Triggers of a housing market crash
A sudden drop in median income and a decline in credit could be the triggers that overturned the Canadian housing market. With the current closure, millions of Canadians have unfortunately lost their jobs. It may be fair to say that the country’s ability to afford a home has declined.
Meanwhile, the inability of individuals and businesses to repay their debt could trigger a credit crunch. Banks may tighten lending rules, which could further limit the purchasing power of buyers.
Ultimately, a combination of tighter lending and rising unemployment could force homeowners to sell their properties for less. However, this drop in prices is far from a crash and could be temporary.
Reasons for optimism
The fundamentals of the residential real estate market in major Canadian cities remain optimistic. Immigration could resume once the closure is complete and the viral epidemic has been brought under control. Professionals who can work from home could maintain their income, despite the recession. The economy is expected to rebound, even if it takes a few years.
In the meantime, the federal government has intervened to support Canadian households. A wage subsidy and various economic concessions could put a floor on the economy and prevent a collapse of the housing market. These measures could avoid many economic difficulties across the country.
Investors who expect a short-term retreat followed by a long-term recovery may see an opportunity to invest in REITs.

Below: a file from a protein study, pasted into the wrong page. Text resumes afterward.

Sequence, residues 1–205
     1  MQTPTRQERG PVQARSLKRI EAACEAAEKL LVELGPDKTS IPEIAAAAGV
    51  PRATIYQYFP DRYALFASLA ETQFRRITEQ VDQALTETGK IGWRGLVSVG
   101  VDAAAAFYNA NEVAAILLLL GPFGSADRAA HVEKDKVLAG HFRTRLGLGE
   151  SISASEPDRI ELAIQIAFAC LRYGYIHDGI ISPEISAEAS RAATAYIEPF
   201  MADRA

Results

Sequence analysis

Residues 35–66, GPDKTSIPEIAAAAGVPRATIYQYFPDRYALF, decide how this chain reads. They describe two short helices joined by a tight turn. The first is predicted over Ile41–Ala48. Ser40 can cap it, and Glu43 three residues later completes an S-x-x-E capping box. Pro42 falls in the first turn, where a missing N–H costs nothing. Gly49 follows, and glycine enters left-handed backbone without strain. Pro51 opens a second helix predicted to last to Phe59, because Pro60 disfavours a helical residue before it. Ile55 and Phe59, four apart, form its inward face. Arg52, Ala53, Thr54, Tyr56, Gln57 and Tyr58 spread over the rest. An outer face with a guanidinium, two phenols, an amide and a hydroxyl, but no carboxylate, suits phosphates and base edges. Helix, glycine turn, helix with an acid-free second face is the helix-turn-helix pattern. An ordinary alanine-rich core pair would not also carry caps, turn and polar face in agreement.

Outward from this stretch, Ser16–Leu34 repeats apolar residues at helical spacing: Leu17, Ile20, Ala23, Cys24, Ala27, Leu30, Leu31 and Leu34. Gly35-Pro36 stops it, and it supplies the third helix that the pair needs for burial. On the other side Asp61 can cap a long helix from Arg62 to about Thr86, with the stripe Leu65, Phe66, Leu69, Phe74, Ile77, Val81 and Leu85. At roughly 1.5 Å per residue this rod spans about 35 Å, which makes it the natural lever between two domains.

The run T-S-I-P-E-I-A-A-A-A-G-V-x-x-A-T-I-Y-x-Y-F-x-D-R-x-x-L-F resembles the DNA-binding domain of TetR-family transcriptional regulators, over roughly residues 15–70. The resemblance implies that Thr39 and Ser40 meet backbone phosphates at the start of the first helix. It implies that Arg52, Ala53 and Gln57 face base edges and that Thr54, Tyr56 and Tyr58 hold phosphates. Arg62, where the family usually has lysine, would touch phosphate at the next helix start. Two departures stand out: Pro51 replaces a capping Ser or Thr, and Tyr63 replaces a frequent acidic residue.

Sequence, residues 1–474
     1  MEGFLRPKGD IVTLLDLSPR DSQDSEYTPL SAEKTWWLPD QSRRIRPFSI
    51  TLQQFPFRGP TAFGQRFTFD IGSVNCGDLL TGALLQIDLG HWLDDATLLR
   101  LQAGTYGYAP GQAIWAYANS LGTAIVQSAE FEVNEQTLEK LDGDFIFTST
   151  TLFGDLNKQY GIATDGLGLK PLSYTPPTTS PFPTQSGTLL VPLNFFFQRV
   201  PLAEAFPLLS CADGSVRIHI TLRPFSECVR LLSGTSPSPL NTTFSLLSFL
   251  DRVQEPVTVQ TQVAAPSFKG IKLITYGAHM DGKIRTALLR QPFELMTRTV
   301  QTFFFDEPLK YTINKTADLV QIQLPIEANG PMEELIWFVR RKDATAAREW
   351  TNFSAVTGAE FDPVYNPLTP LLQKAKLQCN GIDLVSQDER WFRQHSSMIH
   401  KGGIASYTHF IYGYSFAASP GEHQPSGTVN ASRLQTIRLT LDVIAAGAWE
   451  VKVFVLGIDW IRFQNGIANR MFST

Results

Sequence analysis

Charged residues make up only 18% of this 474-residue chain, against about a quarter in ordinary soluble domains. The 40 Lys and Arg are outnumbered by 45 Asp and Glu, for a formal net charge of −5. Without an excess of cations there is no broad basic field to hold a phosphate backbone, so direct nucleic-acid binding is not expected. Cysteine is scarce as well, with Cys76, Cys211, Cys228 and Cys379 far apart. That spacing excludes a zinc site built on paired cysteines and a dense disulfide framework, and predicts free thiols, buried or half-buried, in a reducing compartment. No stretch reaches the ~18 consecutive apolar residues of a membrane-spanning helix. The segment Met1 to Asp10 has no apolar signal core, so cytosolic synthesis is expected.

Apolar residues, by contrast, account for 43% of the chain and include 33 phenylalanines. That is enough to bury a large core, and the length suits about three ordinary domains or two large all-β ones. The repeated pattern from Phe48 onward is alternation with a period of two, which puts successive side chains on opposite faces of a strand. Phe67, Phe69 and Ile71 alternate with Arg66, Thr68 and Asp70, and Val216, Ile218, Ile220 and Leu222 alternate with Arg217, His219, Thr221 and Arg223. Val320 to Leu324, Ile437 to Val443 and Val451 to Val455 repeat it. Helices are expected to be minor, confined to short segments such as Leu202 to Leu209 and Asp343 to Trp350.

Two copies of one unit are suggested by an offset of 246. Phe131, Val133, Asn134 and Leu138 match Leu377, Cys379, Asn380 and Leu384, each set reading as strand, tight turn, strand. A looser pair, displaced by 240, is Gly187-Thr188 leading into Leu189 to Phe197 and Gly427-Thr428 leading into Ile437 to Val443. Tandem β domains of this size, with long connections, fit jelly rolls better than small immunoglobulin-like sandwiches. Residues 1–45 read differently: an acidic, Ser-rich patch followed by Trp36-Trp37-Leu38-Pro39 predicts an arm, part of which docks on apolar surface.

Canadian Apartment Properties REIT (CAPREIT), one of the largest residential REITs in the country, offers a dividend yield of 3.3%. The stock has declined 31.8% in the past month and is currently trading at 19.5 times net operating income per share.
CAPREIT’s peers, Minto Apartment REIT and Killam Apartment REIT, have experienced similar declines in recent months. Since the stock price has gone down, these REITs have offered better dividend yields.
However, investors should exercise caution. Avoid REITs with too much leverage, exposure to regions with unique economic problems (Alberta) or poor credit ratings. Money is king, so focus on trusts with enough cash.
These are unprecedented times. We have never seen unemployment and bankruptcy of this magnitude before. Unfortunately, it seems that the current pandemic can leave a permanent mark on our economy and our lives.
The chaos could spread to the residential real estate market later this year. However, there are reasons to believe that Canadian homes could hold their value, and households will be supported by the government’s budgetary efforts. This could make residential real estate a lucrative bet.
For investors who have the stomach for excessive risks, the residential real estate market could be ripe for a bet against the current. Take a closer look and choose trusts with strong balance sheets and good credit.
Good luck and stay safe!
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